We hypothesize that altered protein phosphorylation reactions are deleterious to neurons and might be involved in neurodegeneration in Alzheimer's disease (AD). It is now well recognized that protein phosphorylation is a key biochemical reaction required for the regulation of cell growth and cell survival. Thus, it is possible that aberrant phosphorylation reactions play an important role in the neuronal degeneration. There are age-associated declines of some protein kinases. Therefore, it is possible that the neurodegeneration observed in AD which is an age-associated disease, might be at least partly explained by the altered protein phosphorylation reactions. In affected neurons, there are neurofibrially tangles composed of cytoskeletal proteins, ubiquitin, and still unknown molecules. Immunohistochemical studies have revealed that the constituents of tangles as well as proteins in neurons at risk are excessively phosphorylated. Our in vitro phosphorylation study has supported the notion that the phosphorylation cascade reactions are aberrant in AD. We have identified protein kinase C (PKC), casein kinase II (CK-ll), and protein tyrosine kinase (PTK) as altered in AD. Interestingly, PKC alteration might be associated with neuritic plaque pathology in AD and CK-ll alteration with neurofibrillary tangle pathology. In the current proposal, we extend this study to their substrate proteins employing biochemical and immunohistochemical techniques. Furthermore, we attempt to identify an unknown protein kinase, the activity of which, measured with exogenous histone lll-S, is increased in AD, and a phosphoprotein, P60, which was found by in vitro phosphorylation of AD cytosol. In addition, possible phosphorylation of t, a tangle constituent, by CK-ll and other kinases will be studied. The purpose of the project is to pull all the altered molecules of protein phosphorylation into a cohesive cascade of AD pathology. To this end, we will study the localization of various components of protein phosphorylation.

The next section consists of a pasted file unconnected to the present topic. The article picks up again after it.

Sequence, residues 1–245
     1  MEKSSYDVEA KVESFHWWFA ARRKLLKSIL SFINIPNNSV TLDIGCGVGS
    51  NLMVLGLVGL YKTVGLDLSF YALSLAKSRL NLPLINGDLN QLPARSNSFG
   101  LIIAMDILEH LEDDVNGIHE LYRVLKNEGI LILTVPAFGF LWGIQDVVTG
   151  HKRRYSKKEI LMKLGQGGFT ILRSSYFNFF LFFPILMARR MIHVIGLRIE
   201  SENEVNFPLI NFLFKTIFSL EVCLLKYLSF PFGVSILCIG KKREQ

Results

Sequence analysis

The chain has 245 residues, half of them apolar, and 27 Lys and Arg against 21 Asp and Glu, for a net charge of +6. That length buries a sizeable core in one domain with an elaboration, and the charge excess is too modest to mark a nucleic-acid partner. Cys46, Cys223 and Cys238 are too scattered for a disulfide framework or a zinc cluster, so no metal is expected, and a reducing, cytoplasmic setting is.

National Institute of Health (NIH)
National Institute on Aging (NIA)
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Neurological Sciences Subcommittee 1 (NLS)
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University of California San Diego
Schools of Medicine
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